After riots, volunteers offer healing touch at Delhi relief camp
The living victims of the Delhi riots throng the narrow gates of the Mustafabad idgah, behind the blue gates of which are doctors and mattresses in tents.
Scores of volunteers help them fill compensation forms, bring food and try to gauge needs ranging from medical attention in hospital to legal assistance.
The camp, which was set up by the Delhi government and its waqf board on Monday, has beds for 800 women and 700 men. It is managed by residents and NGOs.
Around 600 occupants are in the camp now — Muslims who have lost their homes to the riots in Shiv Vihar, Chaman Park, Karawal Nagar, Chandbagh… in northeast Delhi.
The floating mass is much larger, and they flock to the idgah for help to make sense of their fate.
Charitable organisations have donated mattresses and a “dignity kit” of toiletries and other essentials. Khalsa Aid, the international non-profit and relief organisation, is setting up a kitchen on the idgah premises.
“Volunteers bring a much-needed humane touch, which bureaucrats under pressure are unable to provide,” disaster management expert Munish Kaushik, who is coordinating with the AAP government’s relief and rehabilitation effort, told this paper. Recognising its limitations, the AAP is now focusing on facilitating NGOs rather than depending entirely on the state machinery for relief and rehabilitation.
Gulfam Mansoor, a cab driver from west Delhi, helps people fill compensation forms. “Most people have lost identity documents and bank passbooks. Some have no identification left at all. Tenants are the most disadvantaged as most of them were never given rental agreements,” he said.
“As the government has announced that compensation will be on the basis of spot verification and identity documents are not necessary, I am collecting forms even without documents, or with just document printouts taken from photos they have on their mobile phones,” Mansoor said.
He and other volunteers hand the forms over to officials, including those from the waqf board. The forms reach Aam Aadmi Party volunteers at a help desk who pass them on to the district administration.
“Some of these people say they have been abused by revenue officials. Many have lost hope in the process and want to leave Delhi to return to their villages,” said Anand Yashodharan, a volunteering student from Jawaharlal Nehru University who has been helping victims fill forms even before the camp was opened.
Yashodharan is part of a CPM-led effort to help with documentation. In addition to the government form, which only records the total value of damaged assets, he and the others are conducting a socio-economic survey to document losses of specific resources such as jewellery, furniture and equipment. The findings will be part of a report to be submitted to the Delhi government.
The ruling AAP, under flak for doing too little too late, now has 12 teams that include revenue officials, public works staff, police, civil defence members and volunteers who help people with specific tasks like filling forms and identifying injured who need compensation.
Groups of doctors, including from Holy Family Hospital and St. Stephen’s Hospital, and the CPM keep the camp running round the clock.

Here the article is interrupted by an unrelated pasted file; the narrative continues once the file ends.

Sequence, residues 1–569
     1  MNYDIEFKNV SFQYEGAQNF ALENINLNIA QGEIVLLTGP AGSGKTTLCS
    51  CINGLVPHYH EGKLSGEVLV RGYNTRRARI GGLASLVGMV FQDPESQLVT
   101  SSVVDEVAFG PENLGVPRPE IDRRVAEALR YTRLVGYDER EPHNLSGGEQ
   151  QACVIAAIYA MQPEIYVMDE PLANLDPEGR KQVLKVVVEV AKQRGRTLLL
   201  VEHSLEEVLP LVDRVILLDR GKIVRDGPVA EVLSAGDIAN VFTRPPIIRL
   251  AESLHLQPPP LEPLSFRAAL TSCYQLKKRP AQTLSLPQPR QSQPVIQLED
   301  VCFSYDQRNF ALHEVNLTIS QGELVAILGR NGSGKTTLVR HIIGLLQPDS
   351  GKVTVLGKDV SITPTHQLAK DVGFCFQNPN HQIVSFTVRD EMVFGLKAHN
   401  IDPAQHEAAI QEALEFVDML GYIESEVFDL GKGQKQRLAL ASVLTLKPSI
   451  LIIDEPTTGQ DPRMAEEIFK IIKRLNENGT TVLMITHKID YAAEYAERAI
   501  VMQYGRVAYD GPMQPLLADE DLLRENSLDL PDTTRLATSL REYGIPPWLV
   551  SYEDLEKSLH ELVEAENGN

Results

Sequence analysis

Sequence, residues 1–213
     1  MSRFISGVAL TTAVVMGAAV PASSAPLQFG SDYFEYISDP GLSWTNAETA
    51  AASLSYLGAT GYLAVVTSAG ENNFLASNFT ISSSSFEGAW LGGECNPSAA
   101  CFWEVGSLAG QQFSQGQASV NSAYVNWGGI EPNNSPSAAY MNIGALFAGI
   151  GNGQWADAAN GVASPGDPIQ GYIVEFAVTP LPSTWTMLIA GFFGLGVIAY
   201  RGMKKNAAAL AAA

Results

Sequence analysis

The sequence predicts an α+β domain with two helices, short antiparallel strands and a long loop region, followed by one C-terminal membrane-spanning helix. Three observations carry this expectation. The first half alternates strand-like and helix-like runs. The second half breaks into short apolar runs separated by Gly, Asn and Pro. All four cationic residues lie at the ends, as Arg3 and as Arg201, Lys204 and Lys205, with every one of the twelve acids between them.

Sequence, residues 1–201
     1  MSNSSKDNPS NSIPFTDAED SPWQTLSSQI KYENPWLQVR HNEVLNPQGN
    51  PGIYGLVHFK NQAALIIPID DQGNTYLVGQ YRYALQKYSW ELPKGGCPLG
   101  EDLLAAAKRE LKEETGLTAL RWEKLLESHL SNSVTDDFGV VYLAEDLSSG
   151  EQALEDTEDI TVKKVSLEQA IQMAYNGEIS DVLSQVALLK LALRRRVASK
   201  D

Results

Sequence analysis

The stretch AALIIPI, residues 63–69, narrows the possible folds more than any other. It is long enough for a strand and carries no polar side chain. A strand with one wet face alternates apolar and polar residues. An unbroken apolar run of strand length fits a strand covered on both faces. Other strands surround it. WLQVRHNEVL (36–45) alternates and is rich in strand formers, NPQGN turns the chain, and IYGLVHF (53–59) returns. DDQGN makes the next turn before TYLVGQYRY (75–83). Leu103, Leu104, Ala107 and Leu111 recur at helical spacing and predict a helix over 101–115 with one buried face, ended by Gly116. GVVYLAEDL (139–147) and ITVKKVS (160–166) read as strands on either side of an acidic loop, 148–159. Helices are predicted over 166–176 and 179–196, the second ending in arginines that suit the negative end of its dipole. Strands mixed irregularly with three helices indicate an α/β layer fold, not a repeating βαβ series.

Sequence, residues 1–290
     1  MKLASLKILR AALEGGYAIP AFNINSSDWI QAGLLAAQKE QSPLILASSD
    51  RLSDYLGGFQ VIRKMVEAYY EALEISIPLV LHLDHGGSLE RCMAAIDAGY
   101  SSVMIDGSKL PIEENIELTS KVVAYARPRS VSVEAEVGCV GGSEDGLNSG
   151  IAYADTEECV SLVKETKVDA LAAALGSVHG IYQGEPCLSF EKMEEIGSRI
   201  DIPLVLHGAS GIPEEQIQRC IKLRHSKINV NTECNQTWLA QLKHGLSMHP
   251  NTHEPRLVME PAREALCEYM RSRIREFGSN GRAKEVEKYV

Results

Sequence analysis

Waseem Qamar, the president of the Doctors Unity Welfare Association that runs a makeshift outpatient department at the camp, said: “We’re getting trauma injuries caused by blunt objects, pellets and gunshot wounds. Many with chronic illnesses such as diabetes and hypertension are also coming to us as they have lost their medicines and prescriptions.
“We transfer those who need specialised treatment or hospitalisation to teams from Holy Family Hospital and St. Stephen’s Hospital, as well as to medical facilities of our members nearby.”
Several patients, he added, go to them with psychiatric disorders caused by witnessing extreme violence. Specialists work with these people on long-term care. Almost everyone in the camp is in shock and emotional trauma.
“We are in need of everything, but what we need most is sanitary napkins and women’s undergarments. There are now enough clothes donated, but no clean underwear, which is necessary to prevent infection,” Qamar said. The Delhi government sent 500 sanitary napkins to the camp on Tuesday evening.
Gurudwaras have also been at the forefront of the rescue-and-relief effort since the beginning of the riots on February 23. On Tuesday, volunteers of the Shiromani Akali Dal-Delhi (a breakaway group from the Akalis of Punjab) distributed food packets throughout the riot-affected northeast of the capital.
“We were sad to see deserted homes, burnt-out vehicles on the streets and burnt souls…. The real task will start once they leave the camps. They will need medical help, money, construction material and chlorine tablets, among other things, to restart their lives. Many homes that are still standing have been weakened by fires,” Dal volunteer Prabhjit Sarna told this paper.
The government has convinced its staff to reopen 35 mohalla clinics, 23 dispensaries and 709 anganwadi centres. These had been closed as staff were too scared to come, and now they would become relief centres.
The government is also tying up with the NGO Goonj to deliver supplies as several donors of food supplies say they ended up in areas that don’t need aid.
“Deputy chief minister Manish Sisodia has ordered that once forms are submitted, claims must be settled in 48 hours. We want to finish this process by the weekend…. The rehabilitation process may take a year. Several people, especially children, will need concrete long-term intervention for the trauma they have faced,” Kaushik said.